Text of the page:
Book Review: The Passion Projects: Modernist Women, Intimate Archives, Unfinished Lives

7 December 2020

Eilish Mulholland, The Queen’s University of Belfast

Melanie Micir, The Passion Projects: Modernist Women, Intimate Archives, Unfinished Lives (Princeton: Princeton University Press, 2019)

The history of Anglo-American modernism can feel monolithic in definition. Ranging from a plethora of guides, anthologies, curricula and collections to commemorative tea towels, mugs, tote bags and tell-all biographies, the understanding seems to be that modernism was formed by a group of definitive writers such as Virginia Woolf, Ezra Pound, Wyndham Lewis, Filippo Tommaso Marinetti, D.H. Lawrence, Ernest Hemmingway, James Joyce, W.H. Auden and Wallace Stevens. The history of modernism appears to be firmly settled in the form of articles, novels and critical commentary in which we come to know writers intimately. We know of their friends, family and lovers. We know from journals and letters every intimate detail about their lives. We know even where they visited and even what they ate and drank. These snippets of life and style are at first unassuming. Amid reading, writing and researching, amongst the frenzy of collating and connecting we fall into an assumption, an assumption that when it comes to a writer’s biography,we always assume that the information we desire will simply be there. Continue reading “Book Review: The Passion Projects: Modernist Women, Intimate Archives, Unfinished Lives”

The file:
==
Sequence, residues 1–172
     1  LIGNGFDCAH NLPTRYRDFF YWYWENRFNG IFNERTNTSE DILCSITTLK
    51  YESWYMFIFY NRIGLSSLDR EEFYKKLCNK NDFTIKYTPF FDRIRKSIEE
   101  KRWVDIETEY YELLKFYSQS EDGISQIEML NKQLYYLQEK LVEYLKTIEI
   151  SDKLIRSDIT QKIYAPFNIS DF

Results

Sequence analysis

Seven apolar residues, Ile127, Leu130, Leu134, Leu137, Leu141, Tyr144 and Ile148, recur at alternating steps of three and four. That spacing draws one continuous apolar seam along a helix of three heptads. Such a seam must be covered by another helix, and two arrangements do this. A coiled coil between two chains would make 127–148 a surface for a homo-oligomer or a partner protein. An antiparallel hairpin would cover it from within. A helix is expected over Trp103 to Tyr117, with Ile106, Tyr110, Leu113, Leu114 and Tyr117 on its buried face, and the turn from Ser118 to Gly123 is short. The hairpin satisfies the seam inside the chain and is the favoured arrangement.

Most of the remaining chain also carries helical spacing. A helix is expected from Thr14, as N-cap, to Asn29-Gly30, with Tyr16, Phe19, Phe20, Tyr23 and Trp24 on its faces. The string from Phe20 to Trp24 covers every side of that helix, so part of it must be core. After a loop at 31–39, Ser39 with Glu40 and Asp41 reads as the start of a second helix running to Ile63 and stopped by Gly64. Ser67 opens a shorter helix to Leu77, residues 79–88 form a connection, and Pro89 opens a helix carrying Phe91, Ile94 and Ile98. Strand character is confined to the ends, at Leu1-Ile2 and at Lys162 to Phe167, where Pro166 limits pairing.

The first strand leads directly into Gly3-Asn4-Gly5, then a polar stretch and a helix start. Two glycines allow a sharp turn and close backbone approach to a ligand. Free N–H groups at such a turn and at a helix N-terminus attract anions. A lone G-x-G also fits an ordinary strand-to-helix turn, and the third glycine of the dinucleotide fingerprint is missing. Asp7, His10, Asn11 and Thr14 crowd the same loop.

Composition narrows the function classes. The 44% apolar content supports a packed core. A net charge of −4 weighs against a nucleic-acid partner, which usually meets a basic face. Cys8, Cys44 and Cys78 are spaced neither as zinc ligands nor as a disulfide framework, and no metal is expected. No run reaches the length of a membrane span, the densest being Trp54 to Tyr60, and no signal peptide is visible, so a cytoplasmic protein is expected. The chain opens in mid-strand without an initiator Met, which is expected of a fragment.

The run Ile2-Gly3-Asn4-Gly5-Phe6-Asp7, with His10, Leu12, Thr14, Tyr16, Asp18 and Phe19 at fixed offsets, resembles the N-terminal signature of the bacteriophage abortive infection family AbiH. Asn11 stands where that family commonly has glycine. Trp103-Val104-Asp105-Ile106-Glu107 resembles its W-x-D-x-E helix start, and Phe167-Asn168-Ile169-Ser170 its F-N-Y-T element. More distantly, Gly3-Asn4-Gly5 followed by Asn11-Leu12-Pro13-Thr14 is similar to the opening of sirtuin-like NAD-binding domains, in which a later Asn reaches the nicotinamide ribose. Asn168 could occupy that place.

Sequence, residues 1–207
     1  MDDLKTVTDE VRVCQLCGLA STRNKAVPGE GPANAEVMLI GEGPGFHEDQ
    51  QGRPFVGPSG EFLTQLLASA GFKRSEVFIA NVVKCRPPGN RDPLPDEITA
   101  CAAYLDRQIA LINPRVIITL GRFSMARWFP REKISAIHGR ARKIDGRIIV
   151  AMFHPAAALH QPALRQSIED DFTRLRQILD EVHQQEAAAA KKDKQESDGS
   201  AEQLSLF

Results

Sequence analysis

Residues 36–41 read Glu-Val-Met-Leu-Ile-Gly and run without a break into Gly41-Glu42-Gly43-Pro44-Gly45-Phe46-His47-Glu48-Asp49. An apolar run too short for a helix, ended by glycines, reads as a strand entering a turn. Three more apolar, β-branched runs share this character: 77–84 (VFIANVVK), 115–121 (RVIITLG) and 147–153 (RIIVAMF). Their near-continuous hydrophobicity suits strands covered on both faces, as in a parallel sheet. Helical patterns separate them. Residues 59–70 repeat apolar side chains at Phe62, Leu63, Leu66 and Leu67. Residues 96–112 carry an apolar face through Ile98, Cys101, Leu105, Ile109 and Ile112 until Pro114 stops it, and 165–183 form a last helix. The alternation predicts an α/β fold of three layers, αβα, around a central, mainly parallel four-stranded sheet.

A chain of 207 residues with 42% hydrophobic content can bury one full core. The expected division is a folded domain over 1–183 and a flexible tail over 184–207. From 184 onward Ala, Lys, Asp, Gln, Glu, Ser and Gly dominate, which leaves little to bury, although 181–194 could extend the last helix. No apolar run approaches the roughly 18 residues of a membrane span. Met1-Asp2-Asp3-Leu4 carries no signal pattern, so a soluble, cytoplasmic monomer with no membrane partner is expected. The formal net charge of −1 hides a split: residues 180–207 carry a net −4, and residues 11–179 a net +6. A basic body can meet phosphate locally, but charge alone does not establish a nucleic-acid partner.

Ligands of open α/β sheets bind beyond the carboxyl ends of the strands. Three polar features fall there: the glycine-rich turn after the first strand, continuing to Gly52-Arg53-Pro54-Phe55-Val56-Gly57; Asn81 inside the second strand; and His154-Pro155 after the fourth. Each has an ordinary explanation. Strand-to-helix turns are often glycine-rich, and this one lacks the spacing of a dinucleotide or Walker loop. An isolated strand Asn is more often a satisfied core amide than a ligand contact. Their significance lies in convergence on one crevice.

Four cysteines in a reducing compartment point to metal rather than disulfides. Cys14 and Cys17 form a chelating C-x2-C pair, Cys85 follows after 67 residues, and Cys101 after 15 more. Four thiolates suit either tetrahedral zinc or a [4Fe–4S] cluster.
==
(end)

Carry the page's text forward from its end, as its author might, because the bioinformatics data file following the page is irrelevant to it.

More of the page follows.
Abolitionist Feminism Then and Now #2: Eslanda Cardozo Goode Robeson

7 December 2020

Aija Oksman, University of Edinburgh

Eslanda Cardozo Goode Robeson (1896-1965) was an inspirational Black woman; she was a writer, an anthropologist, and an activist for women’s and civil rights, as well as a successful business woman. Goode strongly favoured Black women’s radical feminism over the type of white women’s more mainstream feminism, the latter of which advocated for the rights of women without paying heed to what we would now term ‘intersectionality’.[1] This she considered obverse to the Woman Question, and believed that mainstream feminism was sowing seeds of disunity by excluding women of all classes and races. Goode and her contemporary Black radical women advocated for a new intersectional, inclusive feminism – though ‘intersectionality’ would not be coined as such until 1989 by Kimberlé Crenshaw.[2] Continue reading “Abolitionist Feminism Then and Now #2: Eslanda Cardozo Goode Robeson”